Screenshot_2016-02-19-14-45-56 Screenshot_2016-02-19-14-46-05 Screenshot_2016-02-19-14-46-31 Screenshot (20 Feb 2016 01-14-18)

Don’t worry about the apparent missing data from the screenshots above, it’s not that the watch didn’t gather data on these days but rather that I failed to sleep.

Something that has always kept me from using wearables in the long run has always been battery life. On a notification heavy day I have always found my Moto 360 to die mid-afternoon, to the extent where I just stopped using it. The W2 has a stunning battery life, I tend not to use the alarm and as I have my phone in my pocket or on my desk have no need for the call alert functions, meaning I can disconnect it when not syncing. This has the added bonus of meaning that I am now over two weeks in and the battery is still at 100%. This certainly appears to show that Elephone’s expected battery life of 3 years (meaning we are 19 days into an advertised 1095) is not outside the realm of plausibility.

My Xiaomi Mi Band was the first wearable I really loved, it filled my sole requirements for accurate activity and sleep monitoring however, I felt it lacking in the design department. It looked discrete which I can only presume as a fitness band was a design goal and entirely intentional, and it looked cheap. Both things for which I forgave it given its exceptional value (seriously, at $15 they still remain the perfect bargain gift). The W2 goes much of the way to filling the design void here and gives the function of a fitness band in the body of a classic watch, as you can probably tell from the above screenshots I don’t participate in much sport and so I do not need a discreet device. Do I consider the W2 worth the $79 it costs? Undoubtedly, in the upcoming world of wearables, this is a solid mid-range device at a price point that is perfectly reasonable for the quality and design.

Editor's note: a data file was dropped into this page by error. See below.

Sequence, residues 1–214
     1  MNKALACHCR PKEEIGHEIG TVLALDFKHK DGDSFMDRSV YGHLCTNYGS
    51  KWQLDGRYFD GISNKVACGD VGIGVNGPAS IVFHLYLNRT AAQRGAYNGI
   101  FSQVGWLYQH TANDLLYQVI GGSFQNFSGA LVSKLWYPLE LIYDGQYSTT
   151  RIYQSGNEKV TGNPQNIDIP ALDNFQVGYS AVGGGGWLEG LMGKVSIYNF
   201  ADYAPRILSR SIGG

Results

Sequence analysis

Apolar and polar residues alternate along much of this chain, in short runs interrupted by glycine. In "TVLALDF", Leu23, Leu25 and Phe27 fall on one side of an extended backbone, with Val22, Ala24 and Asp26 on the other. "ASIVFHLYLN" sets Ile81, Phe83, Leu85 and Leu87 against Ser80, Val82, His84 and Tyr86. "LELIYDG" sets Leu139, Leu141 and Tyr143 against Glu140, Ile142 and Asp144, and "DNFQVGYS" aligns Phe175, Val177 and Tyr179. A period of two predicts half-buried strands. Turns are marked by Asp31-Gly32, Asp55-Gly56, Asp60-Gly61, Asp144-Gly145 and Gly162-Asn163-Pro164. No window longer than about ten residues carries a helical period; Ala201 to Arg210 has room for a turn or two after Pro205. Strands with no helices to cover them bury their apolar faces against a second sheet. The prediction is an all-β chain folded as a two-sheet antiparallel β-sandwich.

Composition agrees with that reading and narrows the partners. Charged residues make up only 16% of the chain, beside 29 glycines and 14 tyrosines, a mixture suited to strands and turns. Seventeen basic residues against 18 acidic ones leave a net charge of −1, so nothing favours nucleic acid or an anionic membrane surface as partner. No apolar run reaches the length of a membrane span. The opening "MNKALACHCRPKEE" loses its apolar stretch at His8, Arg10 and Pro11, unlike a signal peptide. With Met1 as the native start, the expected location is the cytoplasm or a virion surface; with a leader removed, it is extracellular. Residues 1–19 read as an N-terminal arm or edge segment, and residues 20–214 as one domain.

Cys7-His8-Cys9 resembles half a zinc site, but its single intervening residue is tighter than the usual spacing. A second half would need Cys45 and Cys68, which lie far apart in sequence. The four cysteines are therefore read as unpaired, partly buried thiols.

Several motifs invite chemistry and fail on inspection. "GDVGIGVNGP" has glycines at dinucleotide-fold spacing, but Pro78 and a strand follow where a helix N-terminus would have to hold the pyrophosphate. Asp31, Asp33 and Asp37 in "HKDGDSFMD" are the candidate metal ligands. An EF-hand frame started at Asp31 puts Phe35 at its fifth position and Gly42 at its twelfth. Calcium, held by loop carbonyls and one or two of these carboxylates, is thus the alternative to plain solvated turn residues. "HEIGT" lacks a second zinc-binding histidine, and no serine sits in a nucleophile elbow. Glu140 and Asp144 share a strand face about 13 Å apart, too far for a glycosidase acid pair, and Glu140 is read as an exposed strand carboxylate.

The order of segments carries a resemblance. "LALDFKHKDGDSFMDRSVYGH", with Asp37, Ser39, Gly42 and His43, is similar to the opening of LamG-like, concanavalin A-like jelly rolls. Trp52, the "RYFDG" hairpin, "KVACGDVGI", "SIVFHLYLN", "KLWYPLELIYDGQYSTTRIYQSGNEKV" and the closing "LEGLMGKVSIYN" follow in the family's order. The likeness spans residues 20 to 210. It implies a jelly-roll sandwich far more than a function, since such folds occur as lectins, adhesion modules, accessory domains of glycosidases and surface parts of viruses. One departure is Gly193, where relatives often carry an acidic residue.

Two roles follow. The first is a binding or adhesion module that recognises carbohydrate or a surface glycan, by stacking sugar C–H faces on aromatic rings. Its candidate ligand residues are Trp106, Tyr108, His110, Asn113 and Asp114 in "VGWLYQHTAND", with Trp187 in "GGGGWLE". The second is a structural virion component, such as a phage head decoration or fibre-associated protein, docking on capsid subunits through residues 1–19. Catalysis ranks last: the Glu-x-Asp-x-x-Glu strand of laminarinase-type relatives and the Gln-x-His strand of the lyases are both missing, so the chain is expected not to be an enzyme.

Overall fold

What would your perfect activity tracker/smartwatch look like? Leave a comment below!

About author

Mathew Bloomer
Mathew Bloomer

He fell in love with Android after buying a T-mobile G1 in 2008 and hasn't looked back since. He firmly believes the future of technology lies within bio-hacking and is an NFC implantee.